Discover and read the best of Twitter Threads about #KashlakChief

Most recents (7)

1/ How to decipher today's abnormal FBP:

82 yo woman admitted 4 GI bleed (esophageal ulcer) Transfused & volume repleted.
4 days later BMP 142/3.4/112/17/5/0.8
#KashlakChief asks
Why is the bicarb 17?
@CPSolvers & @thecurbsiders

She has a bicarbonate of 17 with an anion gap of 13. Her albumin was normal.

Initial assumption - normal gap metabolic acidosis.

Two possibilities - losing base or inability to buffer daily acid
Losing base occurs when we have GI losses. The patient had no diarrhea, no previous Gi surgery, thus this seemed extremely unlikely. Patients with normal renal function need liters of diarrhea to develop this much lowering of their bicarbonate.
Read 11 tweets
Hypokalemic quadriparesis (or severe hypokalemia)
39 yo Egyptian admitted with quadriparesis &K = 1.3
Spend #5goodminutes reading how #KashlakChief conceptualizes &teaches this electrolyte disorder. hope @thecurbsiders and @CPSolvers enjoy & @kidney_boy appropriately critiques
Step 1 determine the acid-base status. Patients can get severe hypokalemia and have normal gap acidosis, normal acid-base or metabolic alkalosis. I am not certain about increased anion gap acidosis, but suspect that some DKA patients have severe hypokalemia.
Let's first understand the normal gap acidosis hypokalemia. There are two major possibilities - distal RTA (Type 1) or diarrhea. We diagnose distal RTA when we have a normal gap acidosis and an elevated urine pH.
Read 16 tweets
Pathergy - several colleagues mentioned this key concept. Search for a precise definition, we use the term to group skin lesions that worsen w/debridement or even just minor trauma.
#KashlakChief presents #5goodminutes & @thecurbsiders & @CPSolvers @uabimres
As the presentation unfolded on Wednesday, the first big clue was that the lesions occurred after seemingly minor scrapes, and then worsened with debridement. The cause of the skin lesions became more complex after we learned that the patient had ESRD on dialysis.
The lesions actually looked similar to calciphylaxis. Two findings (prior to biopsy) made that diagnosis less likely. Her Ca 7.5 (alb 2.2) and Phos 4.5 did not give that high a calcium-phosphate product. Then her CT of the lesions did not show calcium.
Read 7 tweets
#5goodminutes with #KashlakChief
Great case conference, your job = diff dx Questions encouraged.
@thecurbsiders @CPSolvers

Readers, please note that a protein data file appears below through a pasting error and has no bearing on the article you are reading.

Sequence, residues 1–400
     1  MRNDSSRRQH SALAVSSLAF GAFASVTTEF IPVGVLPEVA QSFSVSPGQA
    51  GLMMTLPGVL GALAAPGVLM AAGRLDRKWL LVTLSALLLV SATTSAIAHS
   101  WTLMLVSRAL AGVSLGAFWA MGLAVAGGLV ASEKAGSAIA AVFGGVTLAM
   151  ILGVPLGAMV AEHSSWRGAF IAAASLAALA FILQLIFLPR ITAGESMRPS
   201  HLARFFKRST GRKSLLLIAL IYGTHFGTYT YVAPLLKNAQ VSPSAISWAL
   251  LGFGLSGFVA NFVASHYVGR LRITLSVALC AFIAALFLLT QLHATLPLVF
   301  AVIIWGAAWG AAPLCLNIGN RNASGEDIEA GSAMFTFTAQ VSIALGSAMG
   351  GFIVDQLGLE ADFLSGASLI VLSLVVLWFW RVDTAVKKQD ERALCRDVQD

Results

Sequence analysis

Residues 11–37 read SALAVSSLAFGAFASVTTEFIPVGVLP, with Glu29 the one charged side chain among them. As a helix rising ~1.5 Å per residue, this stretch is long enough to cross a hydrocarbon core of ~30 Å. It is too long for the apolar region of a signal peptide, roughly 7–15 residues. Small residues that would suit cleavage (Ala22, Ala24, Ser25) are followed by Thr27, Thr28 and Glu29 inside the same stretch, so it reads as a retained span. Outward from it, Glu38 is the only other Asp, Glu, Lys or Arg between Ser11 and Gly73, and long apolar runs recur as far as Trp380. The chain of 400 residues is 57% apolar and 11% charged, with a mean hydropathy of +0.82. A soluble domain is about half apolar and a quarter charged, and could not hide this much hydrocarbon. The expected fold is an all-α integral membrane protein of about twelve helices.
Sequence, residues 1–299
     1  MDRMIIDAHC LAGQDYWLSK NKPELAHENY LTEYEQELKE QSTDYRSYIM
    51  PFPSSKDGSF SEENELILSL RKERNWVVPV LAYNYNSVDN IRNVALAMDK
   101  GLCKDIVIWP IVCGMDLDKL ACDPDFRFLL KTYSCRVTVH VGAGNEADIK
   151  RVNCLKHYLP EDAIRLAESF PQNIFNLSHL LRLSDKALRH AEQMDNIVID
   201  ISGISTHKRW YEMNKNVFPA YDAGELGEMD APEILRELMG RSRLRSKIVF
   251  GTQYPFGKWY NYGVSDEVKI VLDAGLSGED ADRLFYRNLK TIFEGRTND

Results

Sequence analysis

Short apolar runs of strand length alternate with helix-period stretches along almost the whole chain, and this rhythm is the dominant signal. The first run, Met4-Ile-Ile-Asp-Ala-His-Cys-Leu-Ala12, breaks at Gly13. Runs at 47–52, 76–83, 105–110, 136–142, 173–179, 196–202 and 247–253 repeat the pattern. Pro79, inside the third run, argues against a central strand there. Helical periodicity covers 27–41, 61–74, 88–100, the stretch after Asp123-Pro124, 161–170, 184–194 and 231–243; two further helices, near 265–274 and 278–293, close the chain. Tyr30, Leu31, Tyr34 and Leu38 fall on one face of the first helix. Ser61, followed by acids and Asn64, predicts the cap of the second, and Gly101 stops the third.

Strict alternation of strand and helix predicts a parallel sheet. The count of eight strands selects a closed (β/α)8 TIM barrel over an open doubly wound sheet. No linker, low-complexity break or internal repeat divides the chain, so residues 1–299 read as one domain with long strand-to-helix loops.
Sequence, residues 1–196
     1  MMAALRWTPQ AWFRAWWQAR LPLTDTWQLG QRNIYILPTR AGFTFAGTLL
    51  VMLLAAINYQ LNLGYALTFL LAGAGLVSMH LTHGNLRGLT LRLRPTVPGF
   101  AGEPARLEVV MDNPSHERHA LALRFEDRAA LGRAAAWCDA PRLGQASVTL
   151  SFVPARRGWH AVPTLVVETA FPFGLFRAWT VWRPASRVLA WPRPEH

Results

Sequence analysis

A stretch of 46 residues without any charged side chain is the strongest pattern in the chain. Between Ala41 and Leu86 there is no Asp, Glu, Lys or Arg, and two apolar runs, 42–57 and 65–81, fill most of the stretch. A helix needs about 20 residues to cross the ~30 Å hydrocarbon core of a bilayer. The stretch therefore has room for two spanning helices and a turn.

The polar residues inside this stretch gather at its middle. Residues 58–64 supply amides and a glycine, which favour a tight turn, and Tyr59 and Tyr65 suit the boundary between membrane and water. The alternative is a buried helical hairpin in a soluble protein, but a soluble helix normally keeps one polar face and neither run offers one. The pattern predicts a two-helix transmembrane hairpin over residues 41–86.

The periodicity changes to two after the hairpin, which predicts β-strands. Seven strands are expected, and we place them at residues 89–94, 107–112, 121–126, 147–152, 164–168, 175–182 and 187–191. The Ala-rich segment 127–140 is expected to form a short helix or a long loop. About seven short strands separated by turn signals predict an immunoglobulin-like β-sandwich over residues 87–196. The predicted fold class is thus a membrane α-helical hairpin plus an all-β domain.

60+ woman w/ worsening forearm pain. Fell 1 month ago - forearms developed open sores. Debridement worsened the sores X 2. Antibiotics did not help. Now transferred to your hospital quite sick needing BP support.
Both forearms have large necrotic lesions. She has a new lesion on her abdomen. PMH - ESRD, DM2, CAD, Increased BP - on appropriate meds.
Will answer questions as best I can. Answer with brief tweetorial tomorrow
Read 3 tweets
Spend #5goodminutes thinking about refeeding syndrome with #KashlakChief. Refeeding syndrome actually occurs either with decreased glucose intake or total insulin lack. Who gets this syndrome? I have seen it mostly in alcoholics who eschew food.
Patients with eating disorders (especially anorexia nervosa) or diseases that restrict oral intake (esophageal cancer or stricture or Schatzki ring as examples. You can also get the syndrome from newly diagnosed type I diabetes.
In all these situations, when the 2 components necessary for glycolysis are present (glucose and insulin) the body proceeds. Because these patients have decreased phosphate stores (glycolysis produces ATP) this further decreases serum phosphate levels.
Read 7 tweets
Reciprocal creatinine plots (AKA 1/creatinine vs time) - why internists should understand this concept.
#5goodminutes #KashlakChief @thecurbsiders I hope @kidney_boy will comment and correct any errors
First, this is not a perfect concept, but it is useful for 3 reason. The concept follows from the observation that for most patients, GFR decreases linearly.
Since the creatinine clearance formula has creatinine in the denominator, we can use 1/creatinine as a substitute for estimated GFR. Thus these plots show us the usually relentless progression to ESRD in most patients with significant CKD.
Read 12 tweets
1/ #5goodminutes #KashlakChief has some tweetorial thoughts to add to:
Episode 2 – Hyponatremia – The Clinical Problem Solvers…
attn @DxRxEdu @CPSolvers @thecurbsiders Please ask for explanations if any of these points are confusing.
2/ Prior to giving saline to hyponatremic patients, please check urine osms. If they are very low (and the serum sodium is very low), you run the danger of overly fast correction and hence demyelination. If the urine osms suggest SIADH, then saline can lower Na significantly
3/ The best explanation for ineffective arterial volume comes from Schrier - here is my blog post from 10 years ago -
Read 8 tweets

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